According to 9to5Google, the best way to check if your address bar has been co-opted by bad actors is to ‘lock’ your phone and then ‘unlock’ it. That method, the post says, should reveal both bars. 

While Fisher’s demonstration was carried out on Google Chrome, the scam would potentially affect other browsers with similar features.  

Google has a continued to introduce a host of new security feature that specifically target phishing including disallowing embedded browsers and other features that notify users when they’re browsing a ‘potentially harmful’ website. 

What is ‘phishing’ and how do you avoid getting scammed?

Phishing involves cyber-criminals attempting to steal personal information such as online passwords, bank details or money from an unsuspecting victim. 

Very often, the criminal will use an email, phone call or even a fake website pretending to be from a reputable company. 

The criminals can use personal details to complete profiles on a victim which can be sold on the dark web. 

Cyber criminals will use emails in an effort to elicit personal information from victims in order to commit fraud or infect the user’s computer for nefarious purposes 

Some phishing attempts involve criminals sending out infected files in emails in order to take control of a victim’s computer.   

Any from of social media or electronic communication can form part of a phishing attempt. 

Action Fraud warn that you should never assume an incoming message is from a genuine company – especially if it asks for a payment or wants you to log on to an online account. 

Banks and other financial institutions will never email looking for passwords or other sensitive information.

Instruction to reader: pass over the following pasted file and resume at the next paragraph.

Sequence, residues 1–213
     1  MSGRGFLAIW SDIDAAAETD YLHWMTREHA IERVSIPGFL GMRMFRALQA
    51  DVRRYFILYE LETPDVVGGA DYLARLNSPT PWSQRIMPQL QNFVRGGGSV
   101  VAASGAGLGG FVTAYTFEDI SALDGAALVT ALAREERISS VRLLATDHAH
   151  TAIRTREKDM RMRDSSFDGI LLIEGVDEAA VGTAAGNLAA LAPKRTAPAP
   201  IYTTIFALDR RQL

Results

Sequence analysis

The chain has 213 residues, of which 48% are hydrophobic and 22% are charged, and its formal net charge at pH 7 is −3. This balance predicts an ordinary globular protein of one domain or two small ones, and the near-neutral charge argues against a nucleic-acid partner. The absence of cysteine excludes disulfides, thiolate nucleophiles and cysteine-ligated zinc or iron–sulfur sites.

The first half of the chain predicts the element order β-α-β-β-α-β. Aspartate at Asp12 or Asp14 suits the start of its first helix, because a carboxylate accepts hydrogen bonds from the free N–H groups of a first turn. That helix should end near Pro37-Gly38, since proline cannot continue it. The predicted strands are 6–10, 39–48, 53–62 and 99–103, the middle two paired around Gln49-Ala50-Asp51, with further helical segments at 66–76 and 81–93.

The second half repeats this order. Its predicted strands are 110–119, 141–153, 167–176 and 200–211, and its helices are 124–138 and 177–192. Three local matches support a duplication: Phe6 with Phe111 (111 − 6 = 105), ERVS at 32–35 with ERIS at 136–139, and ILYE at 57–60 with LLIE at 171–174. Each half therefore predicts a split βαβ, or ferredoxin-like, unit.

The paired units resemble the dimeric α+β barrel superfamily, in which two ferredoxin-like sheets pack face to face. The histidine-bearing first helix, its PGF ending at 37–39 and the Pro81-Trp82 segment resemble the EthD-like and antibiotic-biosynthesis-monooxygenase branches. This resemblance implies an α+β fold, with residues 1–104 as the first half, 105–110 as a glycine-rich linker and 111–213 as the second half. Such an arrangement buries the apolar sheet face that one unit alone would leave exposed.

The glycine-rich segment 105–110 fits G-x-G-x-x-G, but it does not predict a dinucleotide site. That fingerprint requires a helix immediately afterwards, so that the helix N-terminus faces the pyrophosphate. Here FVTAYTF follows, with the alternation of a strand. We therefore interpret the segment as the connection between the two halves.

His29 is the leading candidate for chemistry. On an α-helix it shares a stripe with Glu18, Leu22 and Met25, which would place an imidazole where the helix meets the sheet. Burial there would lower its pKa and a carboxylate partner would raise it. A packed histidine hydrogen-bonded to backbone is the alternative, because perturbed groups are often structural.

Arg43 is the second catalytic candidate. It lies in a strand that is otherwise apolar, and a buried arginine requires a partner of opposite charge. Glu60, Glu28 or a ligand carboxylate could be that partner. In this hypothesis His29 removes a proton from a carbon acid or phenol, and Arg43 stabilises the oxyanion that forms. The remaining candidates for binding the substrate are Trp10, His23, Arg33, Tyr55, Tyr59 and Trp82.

An effected spam filter should protect from most of the malicious messages, although the user should never call the number at the bottom of a suspicious email or follow their link. 

Experts advise that customers should call the organisation directly to see if the attempted communication was genuine.  

According to Action Fraud: ‘Phishing emails encourage you to visit the bogus websites. 

‘They usually come with an important-sounding excuse for you to act on the email, such as telling you your bank details have been compromised, or claim they’re from a business or agency and you’re entitled to a refund, rebate, reward or discount.

‘The email tells you to follow a link to enter crucial information such as login details, personal information, bank account details or anything else that can be used to defraud you.

‘Alternatively, the phishing email may try to encourage you to download an attachment. The email claims it’s something useful, such as a coupon to be used for a discount, a form to fill in to claim a tax rebate, or a piece of software to add security to your phone or computer. 

‘In reality, it’s a virus that infects your phone or computer with malware, which is designed to steal any personal or banking details you’ve saved or hold your device to ransom to get you to pay a fee.’ 

Source: Action Fraud